Then Dad gave me a sip of his whiskey one night. Scotch, single malt. It scorched my tongue, dry pennies, honey and a burning rush that warmed me from my throat all the way down to my stomach. As I forced myself to finish the glass, all I could think of was how cold Scotland must be for something this fierce to be so loved, and suddenly Dad’s predilection for spices and hearty, warming meals made a lot more sense. Not long after that Mum told me stories about the Yum Cha halls of Hong Kong, how noisy and chaotic they are, the clatter of plates mingling with yelled conversation over the sound of countless rumbling stomachs as carts of steaming food rattled slowly between the tables. When I found out there was a Yum Cha place in Canberra our whole family went together, and even though it was a relatively quiet restaurant and the dumplings were a bit soggy, the lively exchange coursing around the table, punctuated by a fight over the last chicken foot and the heavenly juiciness of a perfectly done lobster dumpling, gave me a glimpse of what those halls might be like.
Once I started tasting places in food, I couldn’t help noticing the people who cooked it. Whenever I make pasta carbonara, my immediate thought is, ‘Mum taught me how to make this,’ over a gas stove in a cottage where the walls in the bathroom were cracked and possums came down the chimney. Roast chicken? Roast chicken in my house will always be Dad’s Roast Chicken, capitalised because he makes the gravy with wine, reducing and mixing in offcuts and caramelised scraps of vegetable in a way I’ve never seen anyone else do. My stepfather showed me how to make satay chicken pasta by letting me prepare a different ingredient every time he cooked it, and I heard that he’d died that recipe was the first thing I thought of: chicken thighs, curry paste, tablespoons of peanut butter and lots of chilli. It’s a part of him, an echo of what he loved in a bowl of filling, slightly-too-sweet pasta.
So what did I taste in that delicious pork belly, that magical combination of flavours that left me breathless? Simply put, it met all of my tastes. The crunch of the crackling, the texture of the meat, the subtle dance of flavours across my tongue… it didn’t suit my tastes perfectly (there was a little too much chilli for my liking,) but it was so close it left me trembling. It was as though someone reached inside me, pulled out those secret tastes that I’m still trying to figure out myself, and put them into a meal that engaged all my senses at once, from the moment I saw it on the plate until I swallowed my last bite. Even though I never met the person who cooked that meal, I felt like I knew them, and that they knew me inside and out. That sort of connection is what I want to see when I flick on a cooking show.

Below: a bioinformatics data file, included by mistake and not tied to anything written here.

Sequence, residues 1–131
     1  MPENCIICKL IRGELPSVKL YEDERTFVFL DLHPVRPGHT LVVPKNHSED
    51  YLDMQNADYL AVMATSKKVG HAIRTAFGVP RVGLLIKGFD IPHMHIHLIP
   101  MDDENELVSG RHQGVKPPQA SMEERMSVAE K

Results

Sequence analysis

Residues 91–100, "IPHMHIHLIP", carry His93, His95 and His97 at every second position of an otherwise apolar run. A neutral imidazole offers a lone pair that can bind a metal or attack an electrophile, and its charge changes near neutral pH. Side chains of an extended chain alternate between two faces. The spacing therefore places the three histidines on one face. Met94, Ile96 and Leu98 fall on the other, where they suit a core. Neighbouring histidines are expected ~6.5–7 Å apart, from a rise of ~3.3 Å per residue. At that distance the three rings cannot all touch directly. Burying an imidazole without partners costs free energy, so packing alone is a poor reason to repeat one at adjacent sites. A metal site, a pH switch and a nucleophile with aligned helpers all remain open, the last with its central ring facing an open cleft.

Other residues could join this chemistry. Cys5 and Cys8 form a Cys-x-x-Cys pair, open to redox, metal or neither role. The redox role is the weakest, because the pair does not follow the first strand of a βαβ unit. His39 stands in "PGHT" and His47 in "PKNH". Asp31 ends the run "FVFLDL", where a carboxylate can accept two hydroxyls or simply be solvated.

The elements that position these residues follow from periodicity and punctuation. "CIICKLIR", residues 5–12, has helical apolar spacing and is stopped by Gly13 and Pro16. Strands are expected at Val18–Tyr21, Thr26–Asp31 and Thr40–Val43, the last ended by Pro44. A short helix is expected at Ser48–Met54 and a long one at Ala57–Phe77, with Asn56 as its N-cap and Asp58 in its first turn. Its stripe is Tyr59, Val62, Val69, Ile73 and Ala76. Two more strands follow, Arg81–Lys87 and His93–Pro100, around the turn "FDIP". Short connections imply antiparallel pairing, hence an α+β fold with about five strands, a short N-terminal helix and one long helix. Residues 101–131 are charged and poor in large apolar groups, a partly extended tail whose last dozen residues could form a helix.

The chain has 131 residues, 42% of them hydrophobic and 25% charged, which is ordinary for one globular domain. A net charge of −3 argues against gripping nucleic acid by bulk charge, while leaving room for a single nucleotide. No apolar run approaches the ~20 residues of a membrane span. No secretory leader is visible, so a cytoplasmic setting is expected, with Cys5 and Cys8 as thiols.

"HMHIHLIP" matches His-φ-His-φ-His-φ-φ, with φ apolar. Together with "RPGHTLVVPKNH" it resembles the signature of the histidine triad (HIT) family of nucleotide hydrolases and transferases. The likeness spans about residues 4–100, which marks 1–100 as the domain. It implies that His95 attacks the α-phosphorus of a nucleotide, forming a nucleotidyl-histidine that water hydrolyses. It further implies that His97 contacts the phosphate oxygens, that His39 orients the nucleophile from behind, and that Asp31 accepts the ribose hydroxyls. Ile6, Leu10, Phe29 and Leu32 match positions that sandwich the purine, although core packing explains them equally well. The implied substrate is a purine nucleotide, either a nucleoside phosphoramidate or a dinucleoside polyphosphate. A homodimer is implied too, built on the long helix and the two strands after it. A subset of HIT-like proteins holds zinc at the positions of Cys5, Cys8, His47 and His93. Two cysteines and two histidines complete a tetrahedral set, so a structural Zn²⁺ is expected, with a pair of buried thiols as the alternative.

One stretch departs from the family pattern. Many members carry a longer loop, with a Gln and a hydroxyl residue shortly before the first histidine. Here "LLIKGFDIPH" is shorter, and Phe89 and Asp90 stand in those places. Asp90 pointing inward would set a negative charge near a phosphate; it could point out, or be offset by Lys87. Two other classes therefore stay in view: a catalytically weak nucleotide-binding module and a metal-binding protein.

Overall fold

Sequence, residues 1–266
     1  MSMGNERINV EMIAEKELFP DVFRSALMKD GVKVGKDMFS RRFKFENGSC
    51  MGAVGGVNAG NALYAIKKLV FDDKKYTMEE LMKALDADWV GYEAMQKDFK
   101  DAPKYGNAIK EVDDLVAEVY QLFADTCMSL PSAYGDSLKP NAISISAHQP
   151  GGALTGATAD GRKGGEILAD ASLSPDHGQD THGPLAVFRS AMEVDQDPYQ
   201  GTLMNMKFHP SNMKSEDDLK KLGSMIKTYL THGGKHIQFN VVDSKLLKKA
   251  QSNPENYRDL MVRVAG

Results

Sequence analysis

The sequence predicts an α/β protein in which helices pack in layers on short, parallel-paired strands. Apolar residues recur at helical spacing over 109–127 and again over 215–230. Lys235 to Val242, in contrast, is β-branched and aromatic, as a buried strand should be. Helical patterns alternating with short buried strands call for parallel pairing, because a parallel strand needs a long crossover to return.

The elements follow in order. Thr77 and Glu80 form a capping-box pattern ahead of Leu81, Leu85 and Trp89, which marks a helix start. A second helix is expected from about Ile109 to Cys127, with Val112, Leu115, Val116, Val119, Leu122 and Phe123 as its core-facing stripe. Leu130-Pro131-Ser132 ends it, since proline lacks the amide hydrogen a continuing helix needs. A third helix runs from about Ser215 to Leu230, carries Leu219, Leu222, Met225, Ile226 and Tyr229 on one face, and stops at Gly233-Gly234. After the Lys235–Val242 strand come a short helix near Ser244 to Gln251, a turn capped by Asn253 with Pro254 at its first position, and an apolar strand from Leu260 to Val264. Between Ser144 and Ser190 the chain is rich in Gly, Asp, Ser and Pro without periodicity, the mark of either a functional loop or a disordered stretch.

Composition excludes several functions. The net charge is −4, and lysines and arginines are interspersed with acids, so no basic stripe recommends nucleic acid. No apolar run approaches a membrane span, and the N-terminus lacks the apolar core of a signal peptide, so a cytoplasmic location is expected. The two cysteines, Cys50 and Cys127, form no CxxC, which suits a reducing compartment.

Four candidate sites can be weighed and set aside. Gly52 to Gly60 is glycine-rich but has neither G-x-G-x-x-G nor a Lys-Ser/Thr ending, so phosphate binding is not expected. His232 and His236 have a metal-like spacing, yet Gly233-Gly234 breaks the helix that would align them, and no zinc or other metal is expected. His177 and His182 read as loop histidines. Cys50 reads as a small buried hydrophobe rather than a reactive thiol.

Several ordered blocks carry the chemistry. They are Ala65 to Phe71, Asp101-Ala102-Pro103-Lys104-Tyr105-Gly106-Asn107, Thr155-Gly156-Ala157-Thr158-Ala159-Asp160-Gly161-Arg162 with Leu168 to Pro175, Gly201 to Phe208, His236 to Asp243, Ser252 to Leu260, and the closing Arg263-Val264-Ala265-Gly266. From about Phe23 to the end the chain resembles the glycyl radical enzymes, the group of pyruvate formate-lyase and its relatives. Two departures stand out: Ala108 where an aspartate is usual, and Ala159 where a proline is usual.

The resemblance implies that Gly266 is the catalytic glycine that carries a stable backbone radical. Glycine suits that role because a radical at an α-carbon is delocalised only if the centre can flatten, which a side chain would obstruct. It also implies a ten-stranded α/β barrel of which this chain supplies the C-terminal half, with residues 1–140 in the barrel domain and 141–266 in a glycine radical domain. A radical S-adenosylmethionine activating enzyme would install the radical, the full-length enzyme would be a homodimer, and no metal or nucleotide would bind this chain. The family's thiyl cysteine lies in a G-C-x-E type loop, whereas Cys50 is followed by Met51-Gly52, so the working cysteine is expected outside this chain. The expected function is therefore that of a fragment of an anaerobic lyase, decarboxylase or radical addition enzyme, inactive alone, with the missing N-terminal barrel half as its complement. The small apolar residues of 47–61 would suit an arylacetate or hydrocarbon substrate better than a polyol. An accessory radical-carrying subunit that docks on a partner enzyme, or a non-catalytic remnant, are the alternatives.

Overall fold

If I’m going to watch stories about food, I want to see intimacy. Give me the rush of cooking, the thrill of eating, the connections created by sharing food and the pure and perfect sensuality captured within a flawless culinary creation. Food is so much more than a spectacle: it has the capacity to bring us together like nothing else in the world. Is it any wonder that the candlelit dinner is such a prevailing romantic trope?
After all, if the cook has paid attention to your tastes, they’re essentially serving up your heart on a silver platter.
Image: Todd Quackenbush
Callie Doyle-Scott was born in Tasmania in 1990, but has since travelled around Australia: she currently resides in Canberra. A graduate of RMIT University’s Creative Writing program in 2013, she never quite lost the study bug: her speciality is culinary history, specifically that of Victorian England and Japan throughout the ages, though she loves to research old folktales in her spare time. Callie started writing stories when she was ten (her first being about a cave that could turn people into animals,) and was first published in Dickson College’s CLIO History Journal with two articles on Renaissance heroines Caterina Sforza and Lucrezia Borgia. While studying, she went on to found and edit Verity La’s Out of Limbo project (an online archive devoted to the coming-out stories of Gay, Lesbian, Bisexual, Trans and Intersex individuals,) and participate in Bryce Courtney’s final writing masterclass in 2012. Since then, she has written articles for the Verity La and Writer’s Bloc webjournals, and hopes to establish a wider portfolio over the coming months. She is currently working to finish the draft of her first novel, a gastronomic fantasy entitled Soup for the Moon, in the hopes of approaching a publisher by the end of the year.
This piece has been published with the support of the ACT Government.